Access to Justice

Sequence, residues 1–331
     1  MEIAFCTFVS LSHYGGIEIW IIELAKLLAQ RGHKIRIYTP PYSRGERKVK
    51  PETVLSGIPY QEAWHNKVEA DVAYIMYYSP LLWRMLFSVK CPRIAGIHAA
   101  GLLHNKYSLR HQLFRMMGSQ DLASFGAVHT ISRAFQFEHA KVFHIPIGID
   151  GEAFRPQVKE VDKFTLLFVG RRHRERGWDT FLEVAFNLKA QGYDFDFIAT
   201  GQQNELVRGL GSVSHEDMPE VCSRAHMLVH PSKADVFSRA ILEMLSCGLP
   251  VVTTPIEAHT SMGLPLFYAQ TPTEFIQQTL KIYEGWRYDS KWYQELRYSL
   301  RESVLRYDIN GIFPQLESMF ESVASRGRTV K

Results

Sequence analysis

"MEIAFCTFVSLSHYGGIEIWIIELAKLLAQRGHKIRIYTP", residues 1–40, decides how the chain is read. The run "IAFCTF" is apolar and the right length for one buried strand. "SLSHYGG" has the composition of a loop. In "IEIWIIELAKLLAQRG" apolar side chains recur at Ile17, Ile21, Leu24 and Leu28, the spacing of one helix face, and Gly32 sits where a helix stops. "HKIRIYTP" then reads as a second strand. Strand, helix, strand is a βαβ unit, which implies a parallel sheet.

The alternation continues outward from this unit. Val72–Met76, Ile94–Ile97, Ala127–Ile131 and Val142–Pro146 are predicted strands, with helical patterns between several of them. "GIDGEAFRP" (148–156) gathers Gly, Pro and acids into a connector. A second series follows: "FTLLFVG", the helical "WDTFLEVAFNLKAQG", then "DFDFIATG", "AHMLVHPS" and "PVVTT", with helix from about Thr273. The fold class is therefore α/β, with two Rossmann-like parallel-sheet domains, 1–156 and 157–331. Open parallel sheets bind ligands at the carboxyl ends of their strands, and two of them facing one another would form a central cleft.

My thesis paper is centred on the inadequate access to justice in Canada and specifically in Ontario. It will focus on the increasing number of self-represented litigants in the Canadian legal system caused in part by the underlying assumptions supporting the adversarial process as well as the decreasing amount of legal aid funding received by Legal Aid Ontario over the decades and other causes. I would like to propose that we change the traditional role of judges and our courts in the adversarial framework to a more active one in order to allow for effective participation of self-represented litigants and I also argue in support of a constitutional right to legal aid for all citizens which should be recognized by our courts. In one of the articles I uploaded, a trial judge in Ontario is considered “brave” for stating, in support of an unrepresented accused man, that Legal Aid Ontario’s eligibility threshold is too low and does not reflect actual poverty levels in Ontario. As an example, I would like to incorporate this seemingly “positive” moment and expose how problematic it is for us to celebrate and commend a statement like this when it should be a duty for all judges to intervene and speak out against the inefficiencies of legal aid when it prevents an individual from getting a fair trial.

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